Celebrate Black culture at these events
Baltimore always has tons of events going on, but some of the best parties happen at AFRAM—the East Coast’s largest celebration of African American culture that typically happens in August in Druid Hill Park, complete with music, food and family friendly events. Vegan SoulFest was created by the co-owner of vegan hot spot Land of Kush as a way to make vegan food more accessible to all. The event brings together delicious food, upbeat music and educational speakers. And don’t forget to support the LGBTQ Black community at Black Pride.
Support Black-owned businesses
The opulent Ivy Hotel in Mount Vernon is the only Black-owned luxury hotel in Baltimore. It’s a 1889 historic mansion that’s been transformed into an 18-room hotel with a spa and restaurant, Magdalena. The owners, Eddie and Sylvia Brown are also the founders of the Brown Family Foundation to support the arts, education and health, making philanthropic donations to cultural and artistic institutions around the city.
Check out the jazz scene
Travel back in time to the golden era of jazz at Keystone Korner Jazz Club in Harbor East. Inspired by owner Todd Barkan’s former West Coast club from the 70s and 80s, Keystone Korner has live music seven days a week and a retro Americana menu created by restaurateur Robert Wiedmaier. The club joins others like Caton Castle, An Die Musik, Germano’s Piattini and Bertha’s Mussels in keeping Baltimore’s jazz culture alive.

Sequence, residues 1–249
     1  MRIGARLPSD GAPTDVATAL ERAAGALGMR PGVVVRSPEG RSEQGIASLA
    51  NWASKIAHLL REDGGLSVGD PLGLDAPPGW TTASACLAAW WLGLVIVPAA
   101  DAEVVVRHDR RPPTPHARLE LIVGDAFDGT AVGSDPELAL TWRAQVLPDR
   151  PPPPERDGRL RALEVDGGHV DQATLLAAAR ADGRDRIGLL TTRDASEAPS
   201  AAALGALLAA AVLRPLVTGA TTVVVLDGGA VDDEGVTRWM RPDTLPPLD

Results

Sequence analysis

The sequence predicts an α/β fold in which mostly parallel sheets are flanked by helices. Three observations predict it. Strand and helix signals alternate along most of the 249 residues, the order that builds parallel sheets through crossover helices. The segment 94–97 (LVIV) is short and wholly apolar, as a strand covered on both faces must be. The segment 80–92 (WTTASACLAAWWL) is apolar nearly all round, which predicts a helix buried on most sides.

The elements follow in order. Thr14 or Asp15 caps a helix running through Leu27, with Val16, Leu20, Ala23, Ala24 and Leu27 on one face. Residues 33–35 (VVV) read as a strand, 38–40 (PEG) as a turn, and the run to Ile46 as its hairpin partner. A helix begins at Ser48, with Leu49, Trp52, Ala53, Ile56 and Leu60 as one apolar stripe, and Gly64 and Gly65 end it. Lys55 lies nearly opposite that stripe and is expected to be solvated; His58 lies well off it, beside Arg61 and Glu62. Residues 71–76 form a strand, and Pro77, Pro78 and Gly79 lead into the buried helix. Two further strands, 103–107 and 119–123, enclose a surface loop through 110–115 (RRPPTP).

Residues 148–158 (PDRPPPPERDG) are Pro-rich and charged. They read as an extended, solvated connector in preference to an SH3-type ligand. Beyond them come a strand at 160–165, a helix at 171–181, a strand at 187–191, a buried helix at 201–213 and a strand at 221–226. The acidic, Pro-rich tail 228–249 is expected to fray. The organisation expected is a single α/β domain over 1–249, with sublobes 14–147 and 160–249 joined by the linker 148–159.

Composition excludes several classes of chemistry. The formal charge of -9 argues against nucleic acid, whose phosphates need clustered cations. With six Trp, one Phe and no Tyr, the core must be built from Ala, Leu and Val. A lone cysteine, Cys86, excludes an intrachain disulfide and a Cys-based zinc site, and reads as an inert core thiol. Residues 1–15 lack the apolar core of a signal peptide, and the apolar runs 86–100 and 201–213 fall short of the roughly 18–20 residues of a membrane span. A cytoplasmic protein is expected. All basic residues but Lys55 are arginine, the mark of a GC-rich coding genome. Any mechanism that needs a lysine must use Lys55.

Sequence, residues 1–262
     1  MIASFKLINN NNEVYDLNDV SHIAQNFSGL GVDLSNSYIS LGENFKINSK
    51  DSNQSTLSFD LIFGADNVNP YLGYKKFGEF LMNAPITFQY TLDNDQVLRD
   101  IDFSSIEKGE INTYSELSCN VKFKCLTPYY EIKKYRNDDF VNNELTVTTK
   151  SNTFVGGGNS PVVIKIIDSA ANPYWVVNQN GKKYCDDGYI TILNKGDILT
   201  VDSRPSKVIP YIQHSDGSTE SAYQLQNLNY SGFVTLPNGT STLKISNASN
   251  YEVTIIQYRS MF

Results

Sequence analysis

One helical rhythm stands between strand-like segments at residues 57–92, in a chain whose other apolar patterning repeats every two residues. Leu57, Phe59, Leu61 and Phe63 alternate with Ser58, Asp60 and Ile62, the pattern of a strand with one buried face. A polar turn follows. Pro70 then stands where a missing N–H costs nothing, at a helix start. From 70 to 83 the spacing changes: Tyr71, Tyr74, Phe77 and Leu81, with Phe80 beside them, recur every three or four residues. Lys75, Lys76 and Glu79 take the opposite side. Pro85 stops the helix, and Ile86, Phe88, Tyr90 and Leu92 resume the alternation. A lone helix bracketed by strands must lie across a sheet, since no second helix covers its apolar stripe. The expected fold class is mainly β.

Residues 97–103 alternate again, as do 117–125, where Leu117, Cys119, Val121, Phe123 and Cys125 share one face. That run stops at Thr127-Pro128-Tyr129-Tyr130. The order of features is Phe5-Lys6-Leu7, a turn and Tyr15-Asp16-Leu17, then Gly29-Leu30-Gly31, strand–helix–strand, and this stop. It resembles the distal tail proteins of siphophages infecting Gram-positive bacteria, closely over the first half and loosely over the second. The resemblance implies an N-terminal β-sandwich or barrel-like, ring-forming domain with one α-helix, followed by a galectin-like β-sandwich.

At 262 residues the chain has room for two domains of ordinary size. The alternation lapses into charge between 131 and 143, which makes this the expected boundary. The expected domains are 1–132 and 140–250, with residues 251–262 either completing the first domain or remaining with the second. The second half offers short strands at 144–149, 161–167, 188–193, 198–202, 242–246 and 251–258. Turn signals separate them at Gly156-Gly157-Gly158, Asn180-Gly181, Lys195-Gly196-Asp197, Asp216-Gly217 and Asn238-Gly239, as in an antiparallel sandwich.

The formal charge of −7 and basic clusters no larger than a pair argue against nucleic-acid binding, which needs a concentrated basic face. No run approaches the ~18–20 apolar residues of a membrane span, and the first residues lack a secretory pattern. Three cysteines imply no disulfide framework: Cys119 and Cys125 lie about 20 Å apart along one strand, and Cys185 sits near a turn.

Each month during the summer, Jazzy Summer Nights brings together some of the hottest local and national jazz and R&B performers with delicious local food vendors for one exciting party you won’t want to miss.
Immerse yourself in history
Baltimore boasts a wealth of cultural attractions, including museums, monuments and historic sites, that celebrate our African American heritage. Be sure to visit the National Great Blacks In Wax Museum, the only wax museum in the country dedicated to African Americans. The Reginald F. Lewis Museum showcases history and accomplishments of Maryland African Americans. And the Frederick Douglass-Isaac Myers Maritime Park Museum celebrates the legacy of Frederick Douglass, a famous writer and abolitionist who escaped slavery in Baltimore.
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